DFID urged to coordinate development polices across government

2 Feb 15
The UK’s Department for International Development has been urged to do more to coordinate policies across government to developing nations tackle problems including tax collection and financial instability.

By Judith Ugwumadu | 2 February 2015

The UK’s Department for International Development has been urged to do more to coordinate policies across government to developing nations tackle problems including tax collection and financial instability.

In a report examining the UK’s international aid spending, the House of Commons’ international development committee said this assistance remained vital to many countries, but would not enough on its own to fragile states. 

Although the committee praised the UK’s commitment in reaching the 0.7% target for aid spending as a proportion of national income, MPs said DFID often placed too little emphasis on ensuring that its wider policies are coherent. 

It needed to ensure there was ‘coherence’ so development issues were considered in policies such as international security, climate change, and threats from disease.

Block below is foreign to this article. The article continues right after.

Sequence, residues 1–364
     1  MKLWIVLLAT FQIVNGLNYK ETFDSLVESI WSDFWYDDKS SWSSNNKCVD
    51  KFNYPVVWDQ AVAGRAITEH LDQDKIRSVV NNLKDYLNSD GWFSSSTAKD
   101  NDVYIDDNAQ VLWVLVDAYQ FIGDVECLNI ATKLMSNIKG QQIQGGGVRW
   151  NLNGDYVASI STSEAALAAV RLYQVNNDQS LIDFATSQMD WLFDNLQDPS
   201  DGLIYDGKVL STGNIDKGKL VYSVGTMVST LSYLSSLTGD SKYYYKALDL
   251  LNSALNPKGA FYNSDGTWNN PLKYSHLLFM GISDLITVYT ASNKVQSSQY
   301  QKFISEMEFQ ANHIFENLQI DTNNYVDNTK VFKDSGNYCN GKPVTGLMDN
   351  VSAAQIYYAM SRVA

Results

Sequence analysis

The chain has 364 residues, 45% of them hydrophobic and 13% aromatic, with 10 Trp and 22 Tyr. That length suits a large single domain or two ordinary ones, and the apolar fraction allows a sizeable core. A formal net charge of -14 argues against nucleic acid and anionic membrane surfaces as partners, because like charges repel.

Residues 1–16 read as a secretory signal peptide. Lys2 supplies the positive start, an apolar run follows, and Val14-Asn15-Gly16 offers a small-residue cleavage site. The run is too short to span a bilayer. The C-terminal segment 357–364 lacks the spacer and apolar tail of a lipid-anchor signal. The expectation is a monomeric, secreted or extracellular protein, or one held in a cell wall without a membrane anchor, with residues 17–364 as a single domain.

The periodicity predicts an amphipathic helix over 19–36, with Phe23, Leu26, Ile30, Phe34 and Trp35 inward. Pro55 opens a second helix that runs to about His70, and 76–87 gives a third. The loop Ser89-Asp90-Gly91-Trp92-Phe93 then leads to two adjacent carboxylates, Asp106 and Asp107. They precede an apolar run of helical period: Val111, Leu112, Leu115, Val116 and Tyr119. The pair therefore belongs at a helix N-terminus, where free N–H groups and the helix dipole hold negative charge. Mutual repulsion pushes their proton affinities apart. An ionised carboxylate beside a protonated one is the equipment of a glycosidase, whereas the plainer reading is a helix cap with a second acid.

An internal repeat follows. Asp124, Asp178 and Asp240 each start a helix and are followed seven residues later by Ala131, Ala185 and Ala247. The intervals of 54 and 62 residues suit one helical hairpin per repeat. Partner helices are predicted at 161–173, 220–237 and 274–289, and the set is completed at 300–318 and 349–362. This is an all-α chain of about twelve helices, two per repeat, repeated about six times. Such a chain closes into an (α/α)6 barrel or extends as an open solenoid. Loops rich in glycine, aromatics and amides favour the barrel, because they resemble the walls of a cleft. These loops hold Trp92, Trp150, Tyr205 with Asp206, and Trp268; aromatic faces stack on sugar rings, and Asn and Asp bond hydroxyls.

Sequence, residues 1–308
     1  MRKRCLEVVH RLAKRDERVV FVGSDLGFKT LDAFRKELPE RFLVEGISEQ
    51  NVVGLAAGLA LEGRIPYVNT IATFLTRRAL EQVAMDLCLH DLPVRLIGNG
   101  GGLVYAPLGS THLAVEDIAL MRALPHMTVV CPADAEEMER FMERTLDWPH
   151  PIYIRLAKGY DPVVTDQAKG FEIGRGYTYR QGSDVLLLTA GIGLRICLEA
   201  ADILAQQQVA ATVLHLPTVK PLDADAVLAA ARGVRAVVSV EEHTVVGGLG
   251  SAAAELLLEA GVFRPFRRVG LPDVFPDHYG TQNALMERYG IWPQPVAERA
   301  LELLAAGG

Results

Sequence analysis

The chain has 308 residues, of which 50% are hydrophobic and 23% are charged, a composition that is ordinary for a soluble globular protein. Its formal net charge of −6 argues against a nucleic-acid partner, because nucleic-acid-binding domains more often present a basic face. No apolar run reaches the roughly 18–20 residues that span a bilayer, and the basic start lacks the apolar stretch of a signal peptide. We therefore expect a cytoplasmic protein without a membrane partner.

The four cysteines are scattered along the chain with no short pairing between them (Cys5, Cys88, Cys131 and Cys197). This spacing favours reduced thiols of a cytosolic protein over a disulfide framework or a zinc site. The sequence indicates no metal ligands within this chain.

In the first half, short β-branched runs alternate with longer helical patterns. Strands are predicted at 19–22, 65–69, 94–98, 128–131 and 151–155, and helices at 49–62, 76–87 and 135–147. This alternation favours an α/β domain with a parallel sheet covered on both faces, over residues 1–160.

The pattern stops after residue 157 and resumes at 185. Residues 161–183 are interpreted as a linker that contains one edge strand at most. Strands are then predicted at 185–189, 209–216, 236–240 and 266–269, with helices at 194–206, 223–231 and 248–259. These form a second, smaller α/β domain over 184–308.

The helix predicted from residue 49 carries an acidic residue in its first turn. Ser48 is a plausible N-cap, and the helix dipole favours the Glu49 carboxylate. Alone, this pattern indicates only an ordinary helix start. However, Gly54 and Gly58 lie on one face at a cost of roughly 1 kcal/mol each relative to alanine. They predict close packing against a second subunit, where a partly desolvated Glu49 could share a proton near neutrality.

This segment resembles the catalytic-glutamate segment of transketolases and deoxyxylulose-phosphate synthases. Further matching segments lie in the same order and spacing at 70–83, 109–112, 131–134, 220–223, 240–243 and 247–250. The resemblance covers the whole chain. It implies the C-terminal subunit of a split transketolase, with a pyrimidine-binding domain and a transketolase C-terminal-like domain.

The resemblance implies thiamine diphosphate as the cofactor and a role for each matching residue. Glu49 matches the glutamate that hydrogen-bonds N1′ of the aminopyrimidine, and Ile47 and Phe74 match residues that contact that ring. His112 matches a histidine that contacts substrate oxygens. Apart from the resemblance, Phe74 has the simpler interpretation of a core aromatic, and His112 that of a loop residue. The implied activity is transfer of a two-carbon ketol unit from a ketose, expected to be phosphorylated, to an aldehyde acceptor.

Committee chair Malcolm Bruce said aid was essential to reduce poverty and reach ambitious development and environmental goals, but needed to be matched by coordinated work across government.

Although the number of poor countries was falling, those that remain often suffer from conflict so need multiple interventions, he highlighted.

‘That is why development in the future will not just be about aid,’ he said.

‘When the government puts its mind to it, the results are impressive. The UK often leads in shaping the global agenda, as it has done for example on women and girls. But the evidence we received shows the record is patchy. 

‘We call on the government to up its game and make policy coherence a central priority. In addition, we call on the government to give greater emphasis to facilitating links between UK and developing and emerging countries.’

A DFID spokeswoman welcomed the report, saying the committee was ‘absolutely right’ to identify that there are many thing beyond traditional aid that drive development and reduce poverty. 

‘That is why we have directed more resources to tackle these areas with the aim of ending aid dependency once and for all. 

‘We are working hard to make sure that this new approach is reflected in the next set of UN development goals.’

Did you enjoy this article?

Related articles

Have your say

Newsletter

CIPFA latest

Popular

Most commented

Events & webinars